Tom Brady's hopes of playing the first four games of the 2016 season are rapidly diminishing.
On Wednesday, the 2nd U.S. Circuit Court of Appeals denied the request to lift the four game suspension slated to take place in the first four games of this coming season. The decision was unanimous – not a single member of the 13 judge panel issued a dissent.
The only possibility left for Brady and Co. to get the suspension lifted is to appeal to the U.S. Supreme Court. They have up to 90 days to file for an appeal, and according to Brady's spokespeople, they're unsure at this point whether or not they'll attempt it. Even if they do, they have an incredibly long shot at getting a favorable outcome.
With the suspension – a suspension originally administered on May 11, 2015 – almost a guarantee at this point, it's time to look forward to the beginning of the 2016-17 NFL season, which Brady will most likely have to sit out. But during his suspension, football won't be the only thing he's missing out on.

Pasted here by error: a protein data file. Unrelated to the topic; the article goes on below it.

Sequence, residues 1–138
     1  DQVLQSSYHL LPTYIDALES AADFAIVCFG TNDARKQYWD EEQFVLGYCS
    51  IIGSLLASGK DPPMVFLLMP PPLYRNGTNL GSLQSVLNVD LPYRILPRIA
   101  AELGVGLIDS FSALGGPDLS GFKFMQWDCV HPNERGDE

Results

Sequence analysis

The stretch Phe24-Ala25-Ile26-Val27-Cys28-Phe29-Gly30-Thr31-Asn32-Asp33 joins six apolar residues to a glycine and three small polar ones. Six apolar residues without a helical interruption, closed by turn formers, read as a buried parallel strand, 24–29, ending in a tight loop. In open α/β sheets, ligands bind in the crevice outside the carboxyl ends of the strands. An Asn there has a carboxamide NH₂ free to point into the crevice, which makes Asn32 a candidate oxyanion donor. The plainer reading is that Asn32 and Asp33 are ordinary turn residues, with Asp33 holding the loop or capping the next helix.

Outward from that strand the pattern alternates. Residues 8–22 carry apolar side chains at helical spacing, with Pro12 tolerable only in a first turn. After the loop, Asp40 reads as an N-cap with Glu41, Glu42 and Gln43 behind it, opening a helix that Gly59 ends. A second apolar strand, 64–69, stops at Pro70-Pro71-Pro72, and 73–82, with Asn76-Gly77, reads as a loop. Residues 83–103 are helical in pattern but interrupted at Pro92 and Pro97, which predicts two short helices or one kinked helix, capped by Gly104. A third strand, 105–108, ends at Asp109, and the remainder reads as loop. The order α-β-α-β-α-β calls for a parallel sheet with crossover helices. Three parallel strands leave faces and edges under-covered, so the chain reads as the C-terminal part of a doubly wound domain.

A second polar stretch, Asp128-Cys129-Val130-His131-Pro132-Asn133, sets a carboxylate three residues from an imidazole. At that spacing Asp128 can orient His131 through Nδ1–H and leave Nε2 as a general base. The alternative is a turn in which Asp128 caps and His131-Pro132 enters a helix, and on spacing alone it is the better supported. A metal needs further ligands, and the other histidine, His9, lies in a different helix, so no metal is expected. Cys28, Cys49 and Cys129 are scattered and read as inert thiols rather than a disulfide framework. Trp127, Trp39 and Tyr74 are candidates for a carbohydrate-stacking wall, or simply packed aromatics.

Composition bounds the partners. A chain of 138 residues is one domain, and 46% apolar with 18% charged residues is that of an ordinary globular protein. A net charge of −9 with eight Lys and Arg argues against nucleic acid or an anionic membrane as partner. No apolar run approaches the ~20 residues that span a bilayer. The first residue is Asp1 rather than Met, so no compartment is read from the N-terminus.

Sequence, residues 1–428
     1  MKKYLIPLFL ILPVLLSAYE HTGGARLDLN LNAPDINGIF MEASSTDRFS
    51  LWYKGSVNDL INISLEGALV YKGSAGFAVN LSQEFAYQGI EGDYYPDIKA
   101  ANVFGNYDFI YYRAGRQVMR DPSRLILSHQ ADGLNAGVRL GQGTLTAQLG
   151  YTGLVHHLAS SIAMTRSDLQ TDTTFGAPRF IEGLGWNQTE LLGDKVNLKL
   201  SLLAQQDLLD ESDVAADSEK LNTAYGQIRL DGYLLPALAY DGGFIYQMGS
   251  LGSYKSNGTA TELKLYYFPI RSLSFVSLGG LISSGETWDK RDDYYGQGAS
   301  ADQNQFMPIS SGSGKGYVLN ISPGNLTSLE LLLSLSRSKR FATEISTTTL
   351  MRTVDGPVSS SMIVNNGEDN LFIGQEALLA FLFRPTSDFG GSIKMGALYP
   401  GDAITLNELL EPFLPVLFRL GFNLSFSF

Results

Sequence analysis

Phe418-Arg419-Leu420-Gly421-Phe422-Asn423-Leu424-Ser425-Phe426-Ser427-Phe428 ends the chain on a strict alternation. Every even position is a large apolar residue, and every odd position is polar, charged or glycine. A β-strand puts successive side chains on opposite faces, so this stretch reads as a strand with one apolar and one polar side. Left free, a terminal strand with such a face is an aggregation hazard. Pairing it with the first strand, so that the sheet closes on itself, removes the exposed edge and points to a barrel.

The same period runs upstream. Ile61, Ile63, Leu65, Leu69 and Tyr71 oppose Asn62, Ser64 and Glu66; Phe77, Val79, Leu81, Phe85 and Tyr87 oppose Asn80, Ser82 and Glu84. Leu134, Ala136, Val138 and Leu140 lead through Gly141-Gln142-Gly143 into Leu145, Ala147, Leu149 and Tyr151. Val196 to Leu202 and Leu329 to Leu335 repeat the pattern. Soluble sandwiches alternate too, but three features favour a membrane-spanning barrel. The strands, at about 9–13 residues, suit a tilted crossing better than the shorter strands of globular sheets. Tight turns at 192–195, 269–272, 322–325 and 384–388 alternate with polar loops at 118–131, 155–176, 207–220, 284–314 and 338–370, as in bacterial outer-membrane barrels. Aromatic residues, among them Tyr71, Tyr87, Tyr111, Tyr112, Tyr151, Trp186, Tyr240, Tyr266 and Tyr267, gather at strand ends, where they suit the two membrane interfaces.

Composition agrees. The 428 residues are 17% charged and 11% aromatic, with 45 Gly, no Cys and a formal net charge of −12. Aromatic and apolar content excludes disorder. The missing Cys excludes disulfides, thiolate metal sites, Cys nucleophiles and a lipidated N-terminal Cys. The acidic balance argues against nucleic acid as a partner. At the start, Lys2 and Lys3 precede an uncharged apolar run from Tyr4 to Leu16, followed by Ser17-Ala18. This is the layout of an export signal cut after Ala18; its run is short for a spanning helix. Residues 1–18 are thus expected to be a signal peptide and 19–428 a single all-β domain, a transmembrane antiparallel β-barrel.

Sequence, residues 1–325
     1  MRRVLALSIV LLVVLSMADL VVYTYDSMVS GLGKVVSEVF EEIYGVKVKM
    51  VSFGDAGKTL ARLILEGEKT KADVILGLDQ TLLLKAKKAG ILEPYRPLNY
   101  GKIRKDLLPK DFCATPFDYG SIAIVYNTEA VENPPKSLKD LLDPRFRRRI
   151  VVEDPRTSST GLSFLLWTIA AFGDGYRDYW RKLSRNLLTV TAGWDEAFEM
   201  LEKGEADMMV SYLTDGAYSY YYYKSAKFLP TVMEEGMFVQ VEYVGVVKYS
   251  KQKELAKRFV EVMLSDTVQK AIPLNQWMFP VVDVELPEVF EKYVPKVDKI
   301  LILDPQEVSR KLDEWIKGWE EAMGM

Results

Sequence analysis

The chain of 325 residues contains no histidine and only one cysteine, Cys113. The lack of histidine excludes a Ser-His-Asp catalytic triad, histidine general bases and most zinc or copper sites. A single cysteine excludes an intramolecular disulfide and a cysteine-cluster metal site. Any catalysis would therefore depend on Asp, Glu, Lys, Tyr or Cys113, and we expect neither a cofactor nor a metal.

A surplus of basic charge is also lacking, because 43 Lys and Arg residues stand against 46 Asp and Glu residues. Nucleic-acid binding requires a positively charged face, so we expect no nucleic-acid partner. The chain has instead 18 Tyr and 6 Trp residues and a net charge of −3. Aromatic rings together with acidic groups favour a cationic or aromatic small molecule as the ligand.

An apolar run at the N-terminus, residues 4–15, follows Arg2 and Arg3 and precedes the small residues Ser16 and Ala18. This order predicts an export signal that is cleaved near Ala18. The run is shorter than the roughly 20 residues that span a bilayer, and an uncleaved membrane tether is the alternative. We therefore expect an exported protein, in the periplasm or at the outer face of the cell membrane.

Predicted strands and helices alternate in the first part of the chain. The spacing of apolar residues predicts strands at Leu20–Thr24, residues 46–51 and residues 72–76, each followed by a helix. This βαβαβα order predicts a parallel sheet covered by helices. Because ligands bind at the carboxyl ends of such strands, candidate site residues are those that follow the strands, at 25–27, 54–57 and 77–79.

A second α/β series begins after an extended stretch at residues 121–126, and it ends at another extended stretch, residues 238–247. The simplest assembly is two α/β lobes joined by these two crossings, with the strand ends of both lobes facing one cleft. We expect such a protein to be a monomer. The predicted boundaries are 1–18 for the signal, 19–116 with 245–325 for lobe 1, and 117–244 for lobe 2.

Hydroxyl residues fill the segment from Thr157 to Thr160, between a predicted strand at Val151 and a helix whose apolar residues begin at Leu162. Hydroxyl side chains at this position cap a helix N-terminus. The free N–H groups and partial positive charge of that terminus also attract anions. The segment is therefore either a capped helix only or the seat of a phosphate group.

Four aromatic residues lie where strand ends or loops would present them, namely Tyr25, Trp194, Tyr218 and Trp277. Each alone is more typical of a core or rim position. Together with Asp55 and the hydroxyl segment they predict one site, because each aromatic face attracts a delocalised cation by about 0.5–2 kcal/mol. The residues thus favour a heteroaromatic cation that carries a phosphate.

Brady will lose about $236k during his time watching the Patriots play from home.
Wait – is that it? $236k doesn't seem like much for four games played by one of the greatest quarterbacks of all time. Here's what happened:
If Brady's contract had remained the same this off-season, he would have been slated to make $9 million next season. In that case, a four game suspension would cost him four-seventeenths of the total yearly salary, or $2.11 million.
Because the Patriots could read the signs and realize that Brady's suspension would probably be upheld, they restructured his contract in February so that he wouldn't lose as much money. Reportedly, they gave him a $28 million bonus for extending the contract by two years, then offered to pay him $1 million each of the first two years and $14 million each of the next two years. Thus, when his pay is docked for the suspension, he's only losing four-seventeenths of $1 million, or $236k.
Call Tom Brady and the Patriots what you want, but there's certainly something to be said for this type of loyalty to your star player, especially in this era of the NFL.